Alcibiades was an Athenian-born man, student and rumored lover of Socrates, who graduated from normal hoplite to cavalry to supreme commander of Athen's military forces.
Alcibiades was just 17 when the Peloponnesian War broke out between the Delian League, led by Athens, and the Peloponnesian League, led by Sparta. Alcibiades was charismatic, but also rowdy and self-aggrandizing. He found his way into power and supported an aggressive stance against their enemy, Sparta.
However, his main political rival, Nicias, formed a peace with Sparta in the middle of the war. It was meant to last 50 years, but hardly lasted 5. Many of Sparta's allies, such as Corinth and Megara, refused to sign the peace. Additionally, Alcibiades and other democrats in Athens sought to cripple Sparta. Using his position of power, Alcibiades made many aggressive moves that led to the resurgence of the war.
The real event that kickstarted the war once more was the Sicilian Expedition, in which Athens sent troops to fight against a Spartan ally in Syracuse. Alcibiades, Nicias, and another general named Lachamus were all sent to oversee the expedition. However, the defacing of several religious statues, seen as treason by the Athenians, was blamed on the rowdy Alcibiades and his friends. After the expedition set sail, Alcibiades was sent back to stand trial. Instead of following obediently back to Athens in a ship, he escaped to Sparta. He offered his sword and told Sparta the Athenian plan in exchange for security. Alcibiades' trial was held in his absence, where he was pronounced guilty of treason and sentenced to death.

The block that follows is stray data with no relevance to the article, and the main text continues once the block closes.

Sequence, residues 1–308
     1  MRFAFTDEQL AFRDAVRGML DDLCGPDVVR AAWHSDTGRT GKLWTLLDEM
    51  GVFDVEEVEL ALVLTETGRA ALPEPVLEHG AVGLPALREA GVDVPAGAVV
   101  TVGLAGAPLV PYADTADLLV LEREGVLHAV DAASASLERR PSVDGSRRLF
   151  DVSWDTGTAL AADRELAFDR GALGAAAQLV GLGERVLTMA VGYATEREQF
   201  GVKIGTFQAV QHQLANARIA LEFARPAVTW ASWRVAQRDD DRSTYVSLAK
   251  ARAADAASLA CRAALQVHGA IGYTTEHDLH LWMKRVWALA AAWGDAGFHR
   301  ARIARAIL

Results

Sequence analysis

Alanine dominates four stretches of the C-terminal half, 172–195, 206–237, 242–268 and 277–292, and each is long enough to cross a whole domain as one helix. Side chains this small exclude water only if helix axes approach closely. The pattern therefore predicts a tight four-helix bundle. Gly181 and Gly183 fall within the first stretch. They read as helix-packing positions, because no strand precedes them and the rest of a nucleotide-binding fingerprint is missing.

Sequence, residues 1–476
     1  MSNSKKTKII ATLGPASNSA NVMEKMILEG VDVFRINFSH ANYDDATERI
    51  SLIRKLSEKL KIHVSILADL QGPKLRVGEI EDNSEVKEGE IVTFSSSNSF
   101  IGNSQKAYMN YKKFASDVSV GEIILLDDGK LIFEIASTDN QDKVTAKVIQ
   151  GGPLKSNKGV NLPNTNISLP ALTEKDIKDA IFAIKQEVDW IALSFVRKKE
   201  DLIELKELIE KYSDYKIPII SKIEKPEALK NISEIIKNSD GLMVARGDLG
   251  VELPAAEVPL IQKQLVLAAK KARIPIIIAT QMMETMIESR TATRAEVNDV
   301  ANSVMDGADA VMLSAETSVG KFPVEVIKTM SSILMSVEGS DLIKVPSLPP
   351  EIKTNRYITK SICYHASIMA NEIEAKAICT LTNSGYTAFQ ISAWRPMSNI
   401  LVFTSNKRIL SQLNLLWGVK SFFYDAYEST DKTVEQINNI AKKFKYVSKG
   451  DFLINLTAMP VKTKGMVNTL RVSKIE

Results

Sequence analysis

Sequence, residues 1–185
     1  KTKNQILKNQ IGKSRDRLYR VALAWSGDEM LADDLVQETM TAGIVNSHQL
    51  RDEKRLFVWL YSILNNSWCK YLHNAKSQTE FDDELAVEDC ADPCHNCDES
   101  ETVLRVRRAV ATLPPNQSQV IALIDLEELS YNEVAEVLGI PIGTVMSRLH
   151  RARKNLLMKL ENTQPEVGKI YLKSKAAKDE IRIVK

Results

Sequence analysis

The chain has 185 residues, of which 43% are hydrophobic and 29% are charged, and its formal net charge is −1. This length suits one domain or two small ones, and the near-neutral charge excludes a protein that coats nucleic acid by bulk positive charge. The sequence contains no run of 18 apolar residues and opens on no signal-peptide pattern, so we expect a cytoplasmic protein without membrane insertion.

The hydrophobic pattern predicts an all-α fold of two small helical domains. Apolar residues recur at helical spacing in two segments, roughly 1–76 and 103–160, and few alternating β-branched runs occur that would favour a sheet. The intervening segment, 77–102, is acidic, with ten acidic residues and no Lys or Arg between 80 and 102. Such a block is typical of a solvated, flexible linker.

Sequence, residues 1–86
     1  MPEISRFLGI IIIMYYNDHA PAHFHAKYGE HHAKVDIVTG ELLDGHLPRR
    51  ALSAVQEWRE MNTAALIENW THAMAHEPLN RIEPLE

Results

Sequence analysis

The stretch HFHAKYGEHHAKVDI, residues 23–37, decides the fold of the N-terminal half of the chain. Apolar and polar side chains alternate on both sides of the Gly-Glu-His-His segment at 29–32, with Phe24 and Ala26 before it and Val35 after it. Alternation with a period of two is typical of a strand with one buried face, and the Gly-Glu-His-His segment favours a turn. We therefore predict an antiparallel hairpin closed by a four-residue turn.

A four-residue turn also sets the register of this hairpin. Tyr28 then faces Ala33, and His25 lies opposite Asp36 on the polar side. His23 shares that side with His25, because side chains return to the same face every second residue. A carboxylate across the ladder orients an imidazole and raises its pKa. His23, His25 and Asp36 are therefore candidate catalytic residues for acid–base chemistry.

Alcibiades stayed in Sparta and offered their military advice for quite some time; however, his reception there grew more hostile. He was suspected of fathering a child with the wife of one of the kings, and therefore fled Sparta to escape a possible assasination attempt.
From there, Alcibiades sought to endear himself to the Persians. The Persians, who had fought and lost to the Greek city-states earlier in the Greco-Persian Wars, were content to watch the battle play out and see the city-states weaken each other. They eventually began selling troops and supplies to Sparta, since Athens had claimed parts of formerly Persian territory in Asia Minor. However, Alcibiades plotted to return to Athens even as he helped the Persians.
Alcibiades figured he would find more support amongst the Athenian oligarchs, the opposing faction to the democrats. He promised Persian support should he be recalled into Athens. However, Persia offered no such assistance, as Alcibiades had presumably suspected would happen. Despite his failure to deliver and the eventual return of the democratic faction to power, Alcibiades was reinstated and remained an Athenian general. Alcibiades, though he claimed time and again his friendliness with the Persians, was imprisoned in Persia once he sailed out to meet the Persian troops with gifts. He escaped and fled back to Athens, his claim of an alliance with Persia no longer holding any water.
He oversaw more military victories over Sparta, but was brought down by a significant defeat, in which he left his main troops in someone else's hands. When Athens lost the fight by a large margin, Alcibiades' opponents removed him from power and Alcibiades went into self-imposed exile. Thereafter, Alcibiades tried to advise Athens once more, but was ignored. By ignoring his advice, however, Athens lost a major battle and much morale. Athens would lose the war within 2 years.
Alcibiades sought refuge in Persia once more, and while accounts of his death differ, some suggest a Spartan general tracked him down and set fire to his house.